The main source of human exposure to dioxins (approximately 90%) is represented by food. Foods with a higher fat component (such as meats, some fish species, cheeses and other dairy products) are those with the highest levels of dioxins.
Other possible routes of exposure, although generally much more limited, are constituted by "inhalation and" ingestion of dust or earth, or by contact with the skin.
Since these pollutants are present everywhere, both in the environment and in food, the population has been, and continues to be, constantly exposed (albeit at lower and lower levels over the years).
Consequently, dioxins are present in measurable quantities in the organism of each individual internal dose detected in a person and determined not only by the current exposure but also by that which occurred over the years, given the long residence times of these pollutants in the organism. Currently, the internal dose of dioxins of the general population, determined through biomonitoring studies, is on average very low and continuously decreasing (already from the 70s to the end of the 90s it had dropped by about 4 times). The presence of dioxins in the blood, or in the body tissues, of an individual is indicative of a certain and occurred exposure; however, this does not necessarily mean the presence of related diseases.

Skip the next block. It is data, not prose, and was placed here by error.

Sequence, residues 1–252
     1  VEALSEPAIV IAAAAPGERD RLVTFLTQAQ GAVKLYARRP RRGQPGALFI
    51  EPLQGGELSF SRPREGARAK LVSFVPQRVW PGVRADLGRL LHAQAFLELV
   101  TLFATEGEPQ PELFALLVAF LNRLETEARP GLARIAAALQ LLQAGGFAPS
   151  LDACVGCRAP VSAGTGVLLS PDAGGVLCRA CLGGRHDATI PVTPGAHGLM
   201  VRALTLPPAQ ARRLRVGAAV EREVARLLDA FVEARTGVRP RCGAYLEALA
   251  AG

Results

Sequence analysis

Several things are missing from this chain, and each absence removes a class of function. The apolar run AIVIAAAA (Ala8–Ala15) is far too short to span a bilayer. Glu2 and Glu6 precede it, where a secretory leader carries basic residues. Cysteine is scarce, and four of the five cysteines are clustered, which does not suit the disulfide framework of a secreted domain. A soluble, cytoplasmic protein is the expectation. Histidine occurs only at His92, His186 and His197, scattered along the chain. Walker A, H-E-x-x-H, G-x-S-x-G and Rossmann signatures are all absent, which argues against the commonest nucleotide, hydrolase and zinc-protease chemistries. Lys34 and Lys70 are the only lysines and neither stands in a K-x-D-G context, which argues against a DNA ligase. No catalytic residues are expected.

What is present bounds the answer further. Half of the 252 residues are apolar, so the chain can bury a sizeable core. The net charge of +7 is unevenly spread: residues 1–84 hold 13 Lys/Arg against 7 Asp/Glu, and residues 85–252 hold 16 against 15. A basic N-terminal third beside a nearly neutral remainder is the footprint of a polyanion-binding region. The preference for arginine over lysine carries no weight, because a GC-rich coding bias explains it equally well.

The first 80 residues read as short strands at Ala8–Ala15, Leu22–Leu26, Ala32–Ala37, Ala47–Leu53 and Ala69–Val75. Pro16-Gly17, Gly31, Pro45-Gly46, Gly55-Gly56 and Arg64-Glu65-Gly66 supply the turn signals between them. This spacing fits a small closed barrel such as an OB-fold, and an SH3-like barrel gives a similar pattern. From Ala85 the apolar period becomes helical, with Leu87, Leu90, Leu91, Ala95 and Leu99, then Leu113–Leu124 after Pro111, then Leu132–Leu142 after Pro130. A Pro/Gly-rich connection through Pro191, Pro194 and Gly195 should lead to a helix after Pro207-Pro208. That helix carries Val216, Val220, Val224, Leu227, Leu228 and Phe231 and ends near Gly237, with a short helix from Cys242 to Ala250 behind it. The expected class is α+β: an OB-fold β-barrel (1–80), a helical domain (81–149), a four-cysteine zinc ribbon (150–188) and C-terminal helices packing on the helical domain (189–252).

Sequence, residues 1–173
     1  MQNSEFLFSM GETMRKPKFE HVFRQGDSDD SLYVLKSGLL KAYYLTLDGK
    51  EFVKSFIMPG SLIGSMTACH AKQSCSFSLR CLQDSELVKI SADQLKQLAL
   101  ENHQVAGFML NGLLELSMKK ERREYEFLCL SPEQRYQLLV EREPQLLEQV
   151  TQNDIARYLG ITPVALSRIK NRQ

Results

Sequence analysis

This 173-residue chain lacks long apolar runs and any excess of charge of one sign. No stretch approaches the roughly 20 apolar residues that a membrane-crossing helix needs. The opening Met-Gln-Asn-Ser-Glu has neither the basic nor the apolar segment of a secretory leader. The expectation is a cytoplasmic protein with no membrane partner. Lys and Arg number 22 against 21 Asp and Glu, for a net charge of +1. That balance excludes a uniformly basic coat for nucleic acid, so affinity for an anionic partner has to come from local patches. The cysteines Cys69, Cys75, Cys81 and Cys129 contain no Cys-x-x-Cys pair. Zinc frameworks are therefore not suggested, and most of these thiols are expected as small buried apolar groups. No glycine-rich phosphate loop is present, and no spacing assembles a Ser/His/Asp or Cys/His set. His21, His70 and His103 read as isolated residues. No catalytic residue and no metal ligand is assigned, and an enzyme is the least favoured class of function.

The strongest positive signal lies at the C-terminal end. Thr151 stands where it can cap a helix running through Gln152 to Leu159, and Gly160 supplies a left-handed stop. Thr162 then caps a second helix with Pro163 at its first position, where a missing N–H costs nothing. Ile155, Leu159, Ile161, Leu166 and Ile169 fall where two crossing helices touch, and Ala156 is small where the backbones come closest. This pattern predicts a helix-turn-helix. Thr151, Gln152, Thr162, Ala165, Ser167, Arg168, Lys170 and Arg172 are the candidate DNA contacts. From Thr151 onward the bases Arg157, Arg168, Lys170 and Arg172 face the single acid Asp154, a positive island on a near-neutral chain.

Effects on health
Limited exposure over time but to high levels of dioxins (acute) can also cause serious effects on human health such as:
- skin diseases (such as chloracne, which manifests as juvenile acne-like rashes and pustules throughout the body that can persist for years, leaving permanent scars)
- changes in liver functions
- difficulty in glucose metabolism
This type of exposure, although rare, occurred in the past both as a result of industrial accidents (such as that of 1976 at the chemical plant in Seveso, in Italy, where a cloud rich in one of the most common substances was released and spread. toxic: dioxin TCDD) and for cases of involuntary or voluntary poisoning (such as that of Ukrainian President Viktor Yushchenko in 2004).
Exposure to lower doses of dioxins, but for longer periods of time (chronic), can:
- cause damage to both the immune and endocrine systems
- interfere with the physiological balance of thyroid and steroid hormones (action by endocrine disruptors)
- determine effects on the development of the fetus, when exposure occurs during pregnancy (prenatal exposure) or in the stages immediately following birth (postnatal exposure)